Sorting thirteen cards with a bubble sort would need 78 comparisons. We’ve done rather better than here. The actual number of compare and swaps depends on the gap we use in each pass, the length of the sequence, and how sorted the sequence is initially. On average, for this gap progression, as originally described by Shell, the worst case complexity is O(N2) which is no better than a bubble sort. However, a bubble sort’s average complexity is also O(N2), while Shell sort’s average complexity is considerably better. The gap sequence can make quite a difference, with Robert Sedgewick, who knows a thing or two about sorting algorithms, reducing the worst case complexity to O(N⁴⁄₃) with two different gap sequences. There are, presumably, still PhDs to be had from studying Shell sort.

Even though Shell sort is only a small step up in complexity from bubble sort, I still had to go through the process by hand several times before it clicked. Frankly, all sort algorithms more involved than a bubble sort or insertion sort seem like magic.

Ok, let’s code

I was going to record another video, but never quite managed to line everything up. Probably a good thing. I ended up writing the code in three little episodes of about a two and half hours in total, so it would probably have dragged a bit.

For the bubble sort, I focussed my tests on shaping the interface to the function. This time, I took that as a given.

template<class Iterator, class Comparator = std::less<>>
void shell_sort(Iterator begin, Iterator end, Compare comparator = Comparator()) {
}

Well, that was easy. But what goes in the function body?

Sort with a Sort

Performing a Shell sort involves repeated applying insertion sort to different parts of the sequence. The insertion sorted seemed, therefore, like the place to start. Before long, I came up with this little eyesore

Simple insertion sort
  template<class Iterator, class Comparator = std::less<>>
  void insertion_sort(Iterator begin, Iterator end, Comparator comparator = Comparator()) {
    for (auto cur = begin; cur != std::prev(end); cur = std::next(cur)) {
      auto ref = cur;
      auto next = std::next(ref);
      while ((next != begin) && comparator(*next, *ref)) {
        auto prev = std::prev(ref);
        std::iter_swap(ref, next);
        next = ref;
        ref = prev;
      }
    }
  } // insertion_sort

This is a simple insertion sort - scan through the sequence, comparing pairs of adjacent items. When a pair need to be swapped, walk back down the sequence to see if we need to do any more swaps.

As shown above though, the Shell sort we need to consider items which are some distance apart. I did consider building a list of iterators to those items, but it was easier to pass the gap we wanted in as a parameter.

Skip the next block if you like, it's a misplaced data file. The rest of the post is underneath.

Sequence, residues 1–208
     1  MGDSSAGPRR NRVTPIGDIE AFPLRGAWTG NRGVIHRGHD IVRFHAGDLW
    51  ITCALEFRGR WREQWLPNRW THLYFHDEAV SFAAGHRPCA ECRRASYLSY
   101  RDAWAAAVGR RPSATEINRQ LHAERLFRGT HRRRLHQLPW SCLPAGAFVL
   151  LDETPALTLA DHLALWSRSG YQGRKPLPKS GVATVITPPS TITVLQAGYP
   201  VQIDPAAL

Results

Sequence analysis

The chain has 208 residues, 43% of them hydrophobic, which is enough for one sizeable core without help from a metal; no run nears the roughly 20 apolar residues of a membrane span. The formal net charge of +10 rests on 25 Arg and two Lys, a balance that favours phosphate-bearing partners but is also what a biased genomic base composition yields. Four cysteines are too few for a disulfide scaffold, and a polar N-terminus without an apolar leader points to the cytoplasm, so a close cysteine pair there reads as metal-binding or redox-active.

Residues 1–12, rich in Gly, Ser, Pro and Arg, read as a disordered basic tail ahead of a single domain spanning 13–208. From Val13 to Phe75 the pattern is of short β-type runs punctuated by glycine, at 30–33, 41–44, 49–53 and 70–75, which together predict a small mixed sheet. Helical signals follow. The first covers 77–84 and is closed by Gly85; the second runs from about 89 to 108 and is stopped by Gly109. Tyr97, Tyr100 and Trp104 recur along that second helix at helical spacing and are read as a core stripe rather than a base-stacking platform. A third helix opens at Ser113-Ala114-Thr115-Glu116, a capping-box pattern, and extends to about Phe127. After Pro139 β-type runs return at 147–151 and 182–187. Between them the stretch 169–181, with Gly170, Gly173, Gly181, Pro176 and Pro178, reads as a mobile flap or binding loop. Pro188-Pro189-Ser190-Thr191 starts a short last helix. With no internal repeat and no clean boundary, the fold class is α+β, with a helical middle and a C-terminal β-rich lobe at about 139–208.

Insertion sort with gap
  template<class Iterator, class Comparator = std::less<>>
  void insertion_sort(Iterator begin, Iterator end, size_t gap, Comparator comparator = Comparator()) {
    auto boundary = std::distance(begin, end) - gap;
    auto cur = begin;
    for (auto i = 0; i < boundary; i += gap) {
      auto ref = cur;
      auto next = std::next(ref, gap);
      while ((next != begin) && comparator(*next, *ref)) {
        auto prev = std::prev(ref, gap);
        std::iter_swap(ref, next);
        next = ref;
        ref = prev;
      }
      cur = std::next(cur, gap);
    }
  } // insertion_sort

There were a couple of intermediate steps, but the evolution is pretty obvious. Applying this insertion sort, in the way described above, sorted the sequence in the correct way. Hurrah, I guess? Two problems - it’s ugly as hell, and it steps squarely into undefined behaviour. It might have sorted the sequence, but the presence of undefined behaviour means I can’t claim that it actually works. The naughty line of code is

    auto prev = std::prev(ref); // possibly oopsy

The iterators next and ref point to the two values we’re looking at. If they need to be swapped, then we start checking back through the sequence to see if we need to do further swaps. Consider:

  [ 99, 1, ...]
    ^   ^
    !   \------ next
    +---------- ref
    !
    \---------- begin
  while ((next != begin) && comparator(*next, *ref)) { (1)
    std::iter_swap(ref, next); (2)
    next = ref; (3)
    ref = std::prev(ref); (4)
  }
  1. next is not equal to begin and the two values should be swapped

  2. swap the values

  3. repoint next to point to the item pointed at by ref

  4. move ref to point the prior item in the sequence, but there isn’t an item to move to because ref is already at the start of the sequence